Too many times, it goes this way: you run a digital ad. Someone clicks on it. Maybe they complete a transaction, ma...
Real estate agents: When someone is looking to buy a home, they’re only interested in the home, right?
When it comes to selling a home, you’ve got to keep the first rule of marketing in mind:
Another way to think of this is buyer empathy.
In other words, it’s not about how many bathrooms or garages you have. It’s about what the person you’re talking to, the person whose hard-earned money you’re trying to get them to fork over, what they want to buy. Or better yet, what they need to buy.
Unfortunately, most marketers rarely think about this, and therefore, most selling is unsuccessful.
So, put yourself in the shoes of someone buying a home. What are they looking for?
Well sure, they could be buying a home as a status symbol or as an investment. Or it could be something much more significant than that.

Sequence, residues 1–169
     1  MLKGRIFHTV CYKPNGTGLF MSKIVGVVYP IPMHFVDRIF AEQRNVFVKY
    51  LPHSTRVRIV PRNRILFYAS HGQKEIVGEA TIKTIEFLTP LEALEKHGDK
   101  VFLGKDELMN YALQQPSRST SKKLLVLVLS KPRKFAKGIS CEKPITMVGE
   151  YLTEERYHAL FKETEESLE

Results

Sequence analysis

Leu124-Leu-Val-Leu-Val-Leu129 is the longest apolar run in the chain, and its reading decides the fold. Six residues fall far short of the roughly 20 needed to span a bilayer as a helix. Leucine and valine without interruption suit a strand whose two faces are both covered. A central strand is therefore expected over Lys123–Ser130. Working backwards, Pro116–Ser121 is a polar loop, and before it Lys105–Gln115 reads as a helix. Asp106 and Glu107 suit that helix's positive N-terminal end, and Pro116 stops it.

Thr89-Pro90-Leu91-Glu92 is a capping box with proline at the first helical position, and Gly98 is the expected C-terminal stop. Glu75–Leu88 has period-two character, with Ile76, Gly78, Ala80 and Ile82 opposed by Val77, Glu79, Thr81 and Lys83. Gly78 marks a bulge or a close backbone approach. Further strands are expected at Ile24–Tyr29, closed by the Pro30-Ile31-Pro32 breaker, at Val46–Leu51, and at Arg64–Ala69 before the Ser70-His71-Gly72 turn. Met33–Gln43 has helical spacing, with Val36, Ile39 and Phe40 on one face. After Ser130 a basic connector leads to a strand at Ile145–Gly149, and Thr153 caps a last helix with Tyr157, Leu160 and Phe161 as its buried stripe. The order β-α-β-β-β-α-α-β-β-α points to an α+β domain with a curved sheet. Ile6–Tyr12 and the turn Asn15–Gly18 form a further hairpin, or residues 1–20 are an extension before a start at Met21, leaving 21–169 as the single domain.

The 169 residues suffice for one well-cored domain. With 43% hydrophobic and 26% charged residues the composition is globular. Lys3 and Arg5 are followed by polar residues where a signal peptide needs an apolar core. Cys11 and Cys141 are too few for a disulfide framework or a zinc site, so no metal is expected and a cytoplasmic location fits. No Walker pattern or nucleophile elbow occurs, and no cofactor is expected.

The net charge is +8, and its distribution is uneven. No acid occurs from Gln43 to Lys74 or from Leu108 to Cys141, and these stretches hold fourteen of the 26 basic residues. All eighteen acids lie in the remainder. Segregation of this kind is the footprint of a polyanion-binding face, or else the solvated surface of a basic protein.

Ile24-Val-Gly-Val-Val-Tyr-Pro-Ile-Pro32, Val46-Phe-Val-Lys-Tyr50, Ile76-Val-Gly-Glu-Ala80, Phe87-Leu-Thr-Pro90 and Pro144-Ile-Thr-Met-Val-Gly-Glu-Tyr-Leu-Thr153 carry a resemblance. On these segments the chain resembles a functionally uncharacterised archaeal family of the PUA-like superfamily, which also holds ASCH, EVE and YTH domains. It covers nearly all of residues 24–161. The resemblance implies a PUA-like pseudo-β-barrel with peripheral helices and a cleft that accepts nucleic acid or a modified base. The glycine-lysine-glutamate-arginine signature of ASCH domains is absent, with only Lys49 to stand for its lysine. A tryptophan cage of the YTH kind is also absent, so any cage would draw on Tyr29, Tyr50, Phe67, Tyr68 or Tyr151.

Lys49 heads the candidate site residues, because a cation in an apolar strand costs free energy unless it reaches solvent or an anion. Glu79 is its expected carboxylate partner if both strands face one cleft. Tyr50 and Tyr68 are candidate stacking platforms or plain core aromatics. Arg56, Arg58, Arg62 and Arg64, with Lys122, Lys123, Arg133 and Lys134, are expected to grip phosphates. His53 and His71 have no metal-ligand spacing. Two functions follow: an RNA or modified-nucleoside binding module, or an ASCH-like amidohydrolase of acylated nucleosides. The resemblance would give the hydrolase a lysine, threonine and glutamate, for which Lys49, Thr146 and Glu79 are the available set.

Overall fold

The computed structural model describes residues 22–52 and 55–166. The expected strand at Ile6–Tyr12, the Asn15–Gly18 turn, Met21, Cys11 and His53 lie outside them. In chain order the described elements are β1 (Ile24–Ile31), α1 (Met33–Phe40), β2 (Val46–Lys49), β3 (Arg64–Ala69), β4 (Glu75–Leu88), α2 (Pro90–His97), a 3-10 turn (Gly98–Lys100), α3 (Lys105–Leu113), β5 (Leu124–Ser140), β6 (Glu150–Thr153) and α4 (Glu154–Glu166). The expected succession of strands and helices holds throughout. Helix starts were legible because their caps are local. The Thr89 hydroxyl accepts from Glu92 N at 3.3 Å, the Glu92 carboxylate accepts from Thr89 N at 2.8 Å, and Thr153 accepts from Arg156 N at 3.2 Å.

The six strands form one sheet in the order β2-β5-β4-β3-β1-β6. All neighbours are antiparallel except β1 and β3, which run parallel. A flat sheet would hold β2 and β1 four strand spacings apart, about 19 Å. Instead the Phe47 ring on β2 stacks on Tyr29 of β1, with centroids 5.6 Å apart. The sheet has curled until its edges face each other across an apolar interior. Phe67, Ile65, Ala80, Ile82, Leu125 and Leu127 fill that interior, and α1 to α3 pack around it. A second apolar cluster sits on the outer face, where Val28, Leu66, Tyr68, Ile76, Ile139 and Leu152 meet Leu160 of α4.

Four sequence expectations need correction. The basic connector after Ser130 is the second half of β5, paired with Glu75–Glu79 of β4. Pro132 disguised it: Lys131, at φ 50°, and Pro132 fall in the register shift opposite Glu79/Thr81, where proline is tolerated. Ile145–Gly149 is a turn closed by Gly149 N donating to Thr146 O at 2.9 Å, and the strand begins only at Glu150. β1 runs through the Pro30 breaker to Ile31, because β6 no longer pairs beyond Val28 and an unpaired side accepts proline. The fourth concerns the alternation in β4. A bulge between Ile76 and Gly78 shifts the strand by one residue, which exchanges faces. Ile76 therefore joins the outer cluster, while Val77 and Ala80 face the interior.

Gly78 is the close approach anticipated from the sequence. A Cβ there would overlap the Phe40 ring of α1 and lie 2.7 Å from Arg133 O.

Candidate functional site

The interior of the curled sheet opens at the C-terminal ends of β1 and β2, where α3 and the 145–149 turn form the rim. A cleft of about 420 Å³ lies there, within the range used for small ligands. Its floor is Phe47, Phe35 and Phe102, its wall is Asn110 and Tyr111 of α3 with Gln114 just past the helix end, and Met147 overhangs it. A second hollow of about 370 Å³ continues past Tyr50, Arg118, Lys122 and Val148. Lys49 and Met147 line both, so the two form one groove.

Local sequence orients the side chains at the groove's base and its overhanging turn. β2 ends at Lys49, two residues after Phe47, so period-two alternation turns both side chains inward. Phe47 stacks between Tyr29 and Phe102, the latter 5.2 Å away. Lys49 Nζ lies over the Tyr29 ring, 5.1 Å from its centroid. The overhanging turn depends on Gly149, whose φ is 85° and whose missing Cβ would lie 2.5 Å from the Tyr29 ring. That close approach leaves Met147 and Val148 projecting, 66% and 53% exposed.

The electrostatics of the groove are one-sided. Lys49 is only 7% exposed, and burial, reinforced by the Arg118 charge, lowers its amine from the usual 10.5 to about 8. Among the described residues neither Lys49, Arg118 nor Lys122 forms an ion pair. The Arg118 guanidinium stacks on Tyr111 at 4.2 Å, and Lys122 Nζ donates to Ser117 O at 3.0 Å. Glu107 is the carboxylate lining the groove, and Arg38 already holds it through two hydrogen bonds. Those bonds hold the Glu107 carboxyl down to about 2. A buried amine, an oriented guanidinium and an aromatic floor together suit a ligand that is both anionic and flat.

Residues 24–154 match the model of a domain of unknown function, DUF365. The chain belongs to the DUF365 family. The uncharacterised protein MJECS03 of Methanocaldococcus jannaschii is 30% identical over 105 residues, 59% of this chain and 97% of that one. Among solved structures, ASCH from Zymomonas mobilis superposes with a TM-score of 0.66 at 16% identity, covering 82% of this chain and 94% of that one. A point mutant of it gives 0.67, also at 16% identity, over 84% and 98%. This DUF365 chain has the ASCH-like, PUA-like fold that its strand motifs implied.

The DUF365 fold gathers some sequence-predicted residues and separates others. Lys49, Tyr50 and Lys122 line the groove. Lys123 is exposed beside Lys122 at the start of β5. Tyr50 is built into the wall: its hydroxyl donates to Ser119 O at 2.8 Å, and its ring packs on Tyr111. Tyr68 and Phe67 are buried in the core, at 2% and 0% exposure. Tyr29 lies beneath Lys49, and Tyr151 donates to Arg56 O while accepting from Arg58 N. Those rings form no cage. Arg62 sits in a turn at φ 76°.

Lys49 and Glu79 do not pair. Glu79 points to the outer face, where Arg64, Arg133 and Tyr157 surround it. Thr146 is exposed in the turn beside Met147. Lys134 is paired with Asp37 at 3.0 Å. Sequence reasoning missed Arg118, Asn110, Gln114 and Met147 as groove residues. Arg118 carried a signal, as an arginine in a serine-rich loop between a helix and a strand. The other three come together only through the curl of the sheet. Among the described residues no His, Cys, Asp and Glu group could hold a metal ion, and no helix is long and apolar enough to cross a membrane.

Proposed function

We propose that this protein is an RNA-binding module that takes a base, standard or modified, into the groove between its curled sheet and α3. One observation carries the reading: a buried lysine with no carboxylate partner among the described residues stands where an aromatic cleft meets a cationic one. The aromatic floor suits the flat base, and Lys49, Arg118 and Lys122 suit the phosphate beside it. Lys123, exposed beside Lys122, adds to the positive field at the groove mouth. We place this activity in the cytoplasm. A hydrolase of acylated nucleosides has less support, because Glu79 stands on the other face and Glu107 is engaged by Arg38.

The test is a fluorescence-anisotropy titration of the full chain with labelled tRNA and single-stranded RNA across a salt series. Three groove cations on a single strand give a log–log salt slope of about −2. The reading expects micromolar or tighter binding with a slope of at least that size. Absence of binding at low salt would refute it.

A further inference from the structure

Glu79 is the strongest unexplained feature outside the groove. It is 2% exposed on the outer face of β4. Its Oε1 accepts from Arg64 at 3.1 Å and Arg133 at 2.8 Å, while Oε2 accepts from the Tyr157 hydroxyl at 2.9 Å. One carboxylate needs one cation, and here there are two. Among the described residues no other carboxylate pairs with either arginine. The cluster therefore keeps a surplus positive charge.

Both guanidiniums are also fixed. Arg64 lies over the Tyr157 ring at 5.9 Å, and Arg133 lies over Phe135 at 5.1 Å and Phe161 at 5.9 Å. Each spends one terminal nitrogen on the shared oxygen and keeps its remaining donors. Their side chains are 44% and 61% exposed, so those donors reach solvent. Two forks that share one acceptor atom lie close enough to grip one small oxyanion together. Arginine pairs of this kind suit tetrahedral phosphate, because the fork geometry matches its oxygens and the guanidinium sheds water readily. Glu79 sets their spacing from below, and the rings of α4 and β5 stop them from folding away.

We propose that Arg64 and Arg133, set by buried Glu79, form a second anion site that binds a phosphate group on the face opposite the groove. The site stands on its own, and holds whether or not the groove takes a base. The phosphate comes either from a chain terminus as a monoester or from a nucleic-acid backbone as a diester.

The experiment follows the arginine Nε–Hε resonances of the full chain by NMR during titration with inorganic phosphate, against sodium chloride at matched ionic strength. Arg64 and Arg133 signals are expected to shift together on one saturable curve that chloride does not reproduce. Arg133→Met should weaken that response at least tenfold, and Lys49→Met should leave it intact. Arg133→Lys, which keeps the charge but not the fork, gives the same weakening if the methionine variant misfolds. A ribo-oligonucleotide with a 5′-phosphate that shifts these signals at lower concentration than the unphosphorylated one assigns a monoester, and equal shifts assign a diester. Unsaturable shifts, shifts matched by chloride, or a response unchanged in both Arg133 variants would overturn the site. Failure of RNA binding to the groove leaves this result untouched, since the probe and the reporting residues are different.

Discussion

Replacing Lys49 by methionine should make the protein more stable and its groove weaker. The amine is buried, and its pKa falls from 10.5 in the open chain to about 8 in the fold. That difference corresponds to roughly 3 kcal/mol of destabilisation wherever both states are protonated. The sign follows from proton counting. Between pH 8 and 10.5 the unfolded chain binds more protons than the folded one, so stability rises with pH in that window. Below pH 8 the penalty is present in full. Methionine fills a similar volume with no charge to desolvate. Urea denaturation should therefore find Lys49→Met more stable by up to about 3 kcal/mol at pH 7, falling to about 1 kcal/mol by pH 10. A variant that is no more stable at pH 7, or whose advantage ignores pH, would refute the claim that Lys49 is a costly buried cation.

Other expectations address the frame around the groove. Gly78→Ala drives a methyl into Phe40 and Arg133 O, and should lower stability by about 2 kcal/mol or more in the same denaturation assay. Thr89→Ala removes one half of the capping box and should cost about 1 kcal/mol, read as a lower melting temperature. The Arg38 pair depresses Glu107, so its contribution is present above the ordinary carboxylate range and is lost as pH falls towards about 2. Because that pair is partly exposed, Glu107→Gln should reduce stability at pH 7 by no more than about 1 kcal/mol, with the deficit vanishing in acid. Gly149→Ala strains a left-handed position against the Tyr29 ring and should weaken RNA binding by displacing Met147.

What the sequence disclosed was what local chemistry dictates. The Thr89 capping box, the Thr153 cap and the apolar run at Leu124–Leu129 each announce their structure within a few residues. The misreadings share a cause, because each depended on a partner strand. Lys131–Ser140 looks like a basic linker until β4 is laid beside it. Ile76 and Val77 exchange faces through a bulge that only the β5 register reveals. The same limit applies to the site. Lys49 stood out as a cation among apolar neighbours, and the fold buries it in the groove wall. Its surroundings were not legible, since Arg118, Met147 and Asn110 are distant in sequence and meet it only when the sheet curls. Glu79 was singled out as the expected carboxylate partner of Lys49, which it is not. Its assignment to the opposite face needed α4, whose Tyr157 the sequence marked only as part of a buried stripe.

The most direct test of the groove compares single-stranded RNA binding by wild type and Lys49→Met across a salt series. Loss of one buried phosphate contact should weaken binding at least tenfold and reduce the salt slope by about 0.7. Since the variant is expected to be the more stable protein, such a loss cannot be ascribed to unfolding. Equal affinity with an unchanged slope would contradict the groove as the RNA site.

It could be that they’re buying much more than the four walls, more than the yard, even more than the memories they’ll make there.
It could be that, in a sense, when people are buying a home, they really aren’t buying a home at all.
They’re buying a community.
They’re buying a school system for their kids. They’re buying a community where they feel safe. They’re buying a neighborhood that allows them to shop for the things they need in the ways they feel most comfortable – from big malls to mom-and-pop shops. They’re buying proximity to healthcare that each family member may need. They’re buying proximity to places of worship. And they’re buying literally everything in between.
So, if that’s what a home buyer is really looking to buy, then how do you – as their listing agent or realtor – frame up a home as being one that completely meets their needs?
You need to sell it in the context of the community.
And the thing about this context is, it’s not purely rational. Are big malls better than old time downtowns? Noisy neighbors more reassuring than crickets?
Of course not. They’re totally arbitrary.
Which is why selling is still an art and not a science.
So, remember: empathy.
Figure out what they need and help them find it!
Too many times, it goes this way: you run a digital ad. Someone clicks on it. Maybe they complete a transaction, maybe they don’t. After that, the customer goes away. Once your paid campaign stops, so do your interactions. If you want to re-engage, you need to start at Square One with yet another digital ad.
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